When the thermodynamic parameters are properly assessed, they can provide in-depth information regarding the inherent energy and structural changes after adsorption. Thermodynamically, in an isolated system, energy cannot be gained or lost; the entropy change is the driving force. In the practice of environmental engineering, both energy and entropy factors should be considered for determining the processes that occur spontaneously. The thermodynamic parameters, the Gibbs free energy change of adsorption ΔG˚ (kJ∙mol−1), enthalpy (ΔH˚, kJ∙mol−1), and entropy (ΔS˚, J∙mol−1∙K−1) for the adsorption of phenol onto the prepared hydrochar are calculated by using the following equations:
where R is the universal gas constant (8.314 J∙mol−1∙K−1), T is the absolute temperature and KF is the Freundlich constant. The enthalpy (ΔH˚) and entropy (ΔS˚) values are estimated from the following equations:
The values of ΔG˚ are calculated from Equation (5). Reciprocal of temperature T is plotted against ΔG˚, which is found to be a straight line (Figure 9). The values of ΔH˚ and ΔS˚ are evaluated from the slope and intercept of the line in Figure 9. The Gibbs free energy (ΔG˚), enthalpy (ΔH˚) and entropy (ΔS˚) values for the adsorption of phenol onto the corncob hydrochar are presented in Table 4. The negative values of ΔG˚ denote that the adsorption of phenol onto the prepared hydrochar is spontaneous and thus thermodynamically favorable. The magnitude of ΔG˚ also increases with the increase of the temperature, which indicates that the adsorption is more favorable at higher temperatures. The value of ΔH˚ is positive, indicating the endothermic nature of the adsorption of phenol onto the corncob hydrochar at the temperature range of 298 - 318 K. One possible explanation of endothermicity of the enthalpy of adsorption is due to the reason that hydrogen bonds are formed between phenol and water molecules  . Phenols would not be adsorbed by hydrochars until the hydrogen bonds are destroyed. This rupture of hydrogen bonds between phenol and water molecules obviously requires energy. It is reasonably assumed that this energy of hydrogen-bond breaking exceeds the exothermicity of the phenol attaching to the surface of the corncob hydrochar. The positive values of ΔS˚ indicate the increase in randomness at the interface of the solid/liquid during the adsorption process, and shows the good affinity of the adsorbents for the adsorbed species. It should be noted that a chemisorbed layer could be followed by the physically adsorbed layer which may not be excluded in this study.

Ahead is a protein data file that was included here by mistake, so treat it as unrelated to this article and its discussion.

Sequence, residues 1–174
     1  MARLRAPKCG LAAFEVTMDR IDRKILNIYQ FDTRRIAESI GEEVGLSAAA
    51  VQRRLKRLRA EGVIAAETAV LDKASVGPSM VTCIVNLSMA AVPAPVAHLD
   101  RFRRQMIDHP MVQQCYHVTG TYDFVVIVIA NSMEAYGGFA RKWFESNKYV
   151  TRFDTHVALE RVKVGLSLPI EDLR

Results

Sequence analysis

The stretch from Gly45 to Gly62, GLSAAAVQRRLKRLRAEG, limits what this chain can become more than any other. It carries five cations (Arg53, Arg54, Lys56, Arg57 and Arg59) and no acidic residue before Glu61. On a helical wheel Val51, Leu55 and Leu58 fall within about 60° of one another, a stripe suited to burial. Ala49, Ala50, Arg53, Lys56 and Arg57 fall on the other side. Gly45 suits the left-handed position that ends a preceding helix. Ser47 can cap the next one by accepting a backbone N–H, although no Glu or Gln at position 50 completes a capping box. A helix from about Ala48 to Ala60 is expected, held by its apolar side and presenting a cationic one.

Figure 9. The plot of ΔGo versus T.
Table 4. The thermodynamic parameters for phenol adsorption onto the corncob hydrochar.
In this study, experiments are performed to evaluate the use of hydrochars prepared from the hydrothermal carbonization of corncob as an adsorbent for phenols in aqueous solution. It is found that the prepared hydrochars are rich in oxygen containing functional groups. The phenol removal rate and/or adsorption capacity are highly dependent on the pH of the aqueous solution, the amount of adsorbent used, initial phenol concentration as well as the contact time. Thermodynamic analysis shows that the adsorption process is endothermic and spontaneous in nature. The kinetics of the adsorption processes follow a pseudo-second-order rate law with the adsorption data being described by the Freundlich isotherm model. The results suggest that low cost corncob hydrochars obtained from an abundant natural resource may be used as effective adsorbents for the removal of phenols from oilfield wastewater.
We gratefully acknowledge financial support by the National Natural Science Foundation of China (No. 41472095), the Open Fund of Key Laboratory of Exploration Technologies for Oil and Gas Resources (Yangtze University), Ministry of Education (No. K2018-05) and the Foundation of Shandong Provincial Key Laboratory of Depositional Mineralization and Sedimentary Minerals, Shandong University of Science and Technology (Grant No. DMSM2018041).